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Why It’s Time to Retire ‘Worst-Dressed’ Lists for Good in 2023

When I was a kid, no older than seven, I remember sneaking a peek at my mother’s magazines she kept in the bathroom. I would marvel at all of the polished photos and glittering ballgowns worn by some of the actresses I started to adore. While I loved pouring over the colorful array of fabulous fashion, there were, of course, the downsides of those beloved magazines. They taught me to hate the cellulite on my body, and to judge others for proudly showing theirs. It brainwashed me into thinking acne and stretch marks weren’t the norms. It reinforced the idea that individual style was something to laugh at.

Yup, I’m talking about those “Worst-Dressed” lists.

I remember looking at those pages and thinking to myself, even then, “Why is this a thing?” Fast forward to now, and I still think that to myself when I see lists like that circulating through my social media timeline.

When you see a “worst-dressed” list floating around, chances are you find people who tried to do something daring with their look, an outfit that doesn’t mesh with the “ideal” ensembles and body types people associate with them.

The thing with fashion, just like the thing with the “ideal” body types and makeup: it always changes. Thin brows were out ten years ago, and now everyone is shaving off their brows. The same mindset can be applied to fashion. Fashion is a form of art, and art is meant to make you feel something. Artists don’t make art so everyone will think it’s good and love it, they do it to tell a story. The beautiful thing about fashion is that it’s a medium to express what the wearer is feeling, to show who they are to the world through a common form of self-expression.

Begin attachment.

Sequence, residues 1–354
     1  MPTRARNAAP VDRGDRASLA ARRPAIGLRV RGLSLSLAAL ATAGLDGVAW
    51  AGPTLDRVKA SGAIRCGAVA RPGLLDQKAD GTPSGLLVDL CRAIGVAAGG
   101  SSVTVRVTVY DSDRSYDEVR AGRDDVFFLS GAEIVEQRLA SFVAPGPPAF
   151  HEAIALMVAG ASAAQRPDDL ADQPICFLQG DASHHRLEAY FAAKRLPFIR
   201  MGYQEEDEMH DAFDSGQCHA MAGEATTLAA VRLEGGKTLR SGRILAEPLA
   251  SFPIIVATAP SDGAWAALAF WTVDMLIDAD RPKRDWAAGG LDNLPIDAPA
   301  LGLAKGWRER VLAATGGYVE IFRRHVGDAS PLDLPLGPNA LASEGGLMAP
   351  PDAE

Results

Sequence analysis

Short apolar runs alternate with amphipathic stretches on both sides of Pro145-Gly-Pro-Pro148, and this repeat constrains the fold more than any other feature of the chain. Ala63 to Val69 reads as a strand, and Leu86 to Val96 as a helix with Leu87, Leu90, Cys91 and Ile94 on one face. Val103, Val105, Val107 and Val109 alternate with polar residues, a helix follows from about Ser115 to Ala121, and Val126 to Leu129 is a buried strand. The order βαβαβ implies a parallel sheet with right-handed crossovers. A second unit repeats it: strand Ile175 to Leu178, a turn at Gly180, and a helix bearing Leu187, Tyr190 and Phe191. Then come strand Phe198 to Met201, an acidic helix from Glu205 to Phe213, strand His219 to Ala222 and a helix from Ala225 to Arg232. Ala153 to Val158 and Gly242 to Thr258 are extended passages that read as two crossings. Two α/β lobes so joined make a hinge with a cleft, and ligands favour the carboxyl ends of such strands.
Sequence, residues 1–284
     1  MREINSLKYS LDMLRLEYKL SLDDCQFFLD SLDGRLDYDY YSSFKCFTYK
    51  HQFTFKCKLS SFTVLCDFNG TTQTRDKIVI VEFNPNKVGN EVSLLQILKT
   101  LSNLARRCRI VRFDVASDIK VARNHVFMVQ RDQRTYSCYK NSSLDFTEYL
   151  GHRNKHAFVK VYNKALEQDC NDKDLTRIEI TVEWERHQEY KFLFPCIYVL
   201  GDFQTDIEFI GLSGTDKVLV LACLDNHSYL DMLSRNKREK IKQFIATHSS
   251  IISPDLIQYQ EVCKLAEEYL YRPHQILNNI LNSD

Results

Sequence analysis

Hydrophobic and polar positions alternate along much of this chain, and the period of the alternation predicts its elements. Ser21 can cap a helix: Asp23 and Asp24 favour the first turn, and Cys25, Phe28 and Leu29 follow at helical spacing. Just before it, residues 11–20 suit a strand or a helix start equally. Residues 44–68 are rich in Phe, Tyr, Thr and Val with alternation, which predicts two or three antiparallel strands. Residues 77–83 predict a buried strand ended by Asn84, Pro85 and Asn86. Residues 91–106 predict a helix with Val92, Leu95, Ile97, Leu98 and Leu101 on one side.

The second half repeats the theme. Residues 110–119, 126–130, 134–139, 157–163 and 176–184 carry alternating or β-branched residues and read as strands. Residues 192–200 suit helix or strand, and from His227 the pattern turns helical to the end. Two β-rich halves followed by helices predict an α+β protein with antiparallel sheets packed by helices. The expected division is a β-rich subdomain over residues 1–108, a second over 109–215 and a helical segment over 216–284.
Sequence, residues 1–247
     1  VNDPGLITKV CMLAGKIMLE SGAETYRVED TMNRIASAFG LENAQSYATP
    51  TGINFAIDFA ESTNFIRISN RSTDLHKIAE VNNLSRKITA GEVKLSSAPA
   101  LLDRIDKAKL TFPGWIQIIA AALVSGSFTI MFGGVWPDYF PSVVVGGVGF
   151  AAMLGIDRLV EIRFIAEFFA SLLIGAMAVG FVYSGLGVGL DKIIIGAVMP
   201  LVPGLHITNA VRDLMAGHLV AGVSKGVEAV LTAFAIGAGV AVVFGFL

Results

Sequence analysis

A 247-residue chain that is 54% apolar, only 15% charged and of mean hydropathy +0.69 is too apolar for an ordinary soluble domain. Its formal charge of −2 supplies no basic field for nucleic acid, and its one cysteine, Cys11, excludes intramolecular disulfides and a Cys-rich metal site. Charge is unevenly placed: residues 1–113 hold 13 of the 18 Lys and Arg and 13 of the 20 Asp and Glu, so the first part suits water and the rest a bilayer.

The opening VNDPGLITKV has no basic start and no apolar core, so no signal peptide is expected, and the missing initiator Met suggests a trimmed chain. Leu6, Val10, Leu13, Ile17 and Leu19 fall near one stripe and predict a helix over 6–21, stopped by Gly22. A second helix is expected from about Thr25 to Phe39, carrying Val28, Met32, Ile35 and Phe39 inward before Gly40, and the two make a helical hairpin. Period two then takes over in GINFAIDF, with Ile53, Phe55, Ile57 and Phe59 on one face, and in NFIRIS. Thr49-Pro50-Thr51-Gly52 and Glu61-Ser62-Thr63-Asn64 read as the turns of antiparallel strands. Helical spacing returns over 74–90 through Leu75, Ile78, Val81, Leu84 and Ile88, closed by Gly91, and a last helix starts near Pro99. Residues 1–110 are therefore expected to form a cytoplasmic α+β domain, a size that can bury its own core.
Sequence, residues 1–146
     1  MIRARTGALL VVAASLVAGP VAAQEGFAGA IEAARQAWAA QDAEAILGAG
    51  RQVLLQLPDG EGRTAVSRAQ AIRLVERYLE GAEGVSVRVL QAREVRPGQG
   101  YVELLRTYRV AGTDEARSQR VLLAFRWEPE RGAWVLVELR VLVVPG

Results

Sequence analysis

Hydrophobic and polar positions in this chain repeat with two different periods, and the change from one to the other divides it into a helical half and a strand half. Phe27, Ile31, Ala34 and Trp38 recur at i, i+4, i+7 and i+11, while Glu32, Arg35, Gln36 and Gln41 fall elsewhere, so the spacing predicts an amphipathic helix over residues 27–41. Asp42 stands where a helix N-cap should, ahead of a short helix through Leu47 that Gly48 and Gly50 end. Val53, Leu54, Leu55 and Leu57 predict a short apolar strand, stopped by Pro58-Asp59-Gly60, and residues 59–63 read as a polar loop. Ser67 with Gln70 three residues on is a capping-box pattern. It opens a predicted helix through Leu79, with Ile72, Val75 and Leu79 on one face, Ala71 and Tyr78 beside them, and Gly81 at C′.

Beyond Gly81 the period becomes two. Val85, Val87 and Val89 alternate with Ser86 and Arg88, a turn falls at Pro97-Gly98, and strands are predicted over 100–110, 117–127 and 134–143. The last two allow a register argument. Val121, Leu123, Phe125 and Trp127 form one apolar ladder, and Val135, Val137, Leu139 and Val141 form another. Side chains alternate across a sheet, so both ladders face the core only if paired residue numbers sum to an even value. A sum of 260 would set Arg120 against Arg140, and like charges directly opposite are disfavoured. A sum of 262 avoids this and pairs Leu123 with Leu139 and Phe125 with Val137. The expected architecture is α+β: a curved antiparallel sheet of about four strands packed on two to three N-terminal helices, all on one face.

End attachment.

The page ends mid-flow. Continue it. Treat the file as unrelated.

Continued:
Now, art is also no stranger to criticism. Criticism is an innate part of all fashion. However, typically, when you see a “worst-dressed” list, they attack the person wearing it, rather than the garment itself.

To put it simply, “worst-dressed” lists are a socially acceptable form of bullying that hasn’t been dubbed outdated yet.

The first worst-dressed list was created in 1960 by, you guessed it, a man. His name was Richard Blackwell, also known as Mr. Blackwell. He was a designer, fashion critic, and former child actor known for creating the annual “Ten Worst Dressed Women List,” which tore down outfits with harsh jokes. He’d make quips about which outfits he dubbed “the worst” of that year, including Martha Stewart, who he said “dresses like the centerfold for Farmers’ Almanac.”

To circle back to the attacking of the person rather than the garment, here are a few more direct quotes from Blackwell, per NY Post:

Calling Mariah Carey “shrink-wrapped cheesecake.”

For Queen Consort Camilla, he said, “In feathered hats that were once the rage, she resembles a petrified parakeet from the Jurassic age.”

And for Cameron Diaz, he quipped, “Looks like she was dressed by a colorblind circus clown, and when it comes to fashion, it’s chaos when Cameron’s back in town.”

We’ve come so far from those days, with stars and non-stars alike embracing exciting, new trends that live outside the box. In 2023, social media has been putting a spotlight on alternative styles like Barbiecore, whimsigoth, cottagecore, knight-core, and so on, highlighting the idea that a “fashion fail” is archaic. So, why can’t certain publishers keep up with the times?

Now, many can make the argument that a look didn’t fit someone’s silhouette, or isn’t “flattering” to them. Along with the surge of experimenting with different core looks, there’s been an influx of content on TikTok and Instagram of people “giving advice” to dressing to your body type by only wearing certain looks, finding your color palette, etc.

But something I’ve asked myself when seeing this is: “flattering to whom?” And the only thing that is considered flattering, in the most basic sense, is to enhance someone’s appearance. You can wear the perfect-fit jeans and loose tops, but if you don’t feel good in it, it shows.

Fashion is all about self-expression, not limitation. Fashion, along with feeling good in one’s skin, is for everyone. So it’s about time to eradicate the elitist lists that bring nothing to the conversation.

Before you go, click here to see our favorite LBD moments from our favorite stars:
Mila Kunis, Elizabeth Hurley

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